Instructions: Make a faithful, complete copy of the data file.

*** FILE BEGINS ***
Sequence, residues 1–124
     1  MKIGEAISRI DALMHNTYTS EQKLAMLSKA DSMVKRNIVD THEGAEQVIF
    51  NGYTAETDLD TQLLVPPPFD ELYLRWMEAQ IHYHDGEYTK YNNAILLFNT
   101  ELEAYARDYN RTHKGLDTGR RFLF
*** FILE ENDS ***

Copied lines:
Sequence, residues 1–124
     1  MKIGEAISRI DALMHNTYTS EQKLAMLSKA DSMVKRNIVD THEGAEQVIF
    51  NGYTAETDLD TQLLVPPPFD ELYLRWMEAQ IHYHDGEYTK YNNAILLFNT
   101  ELEAYARDYN RTHKGLDTGR RFLF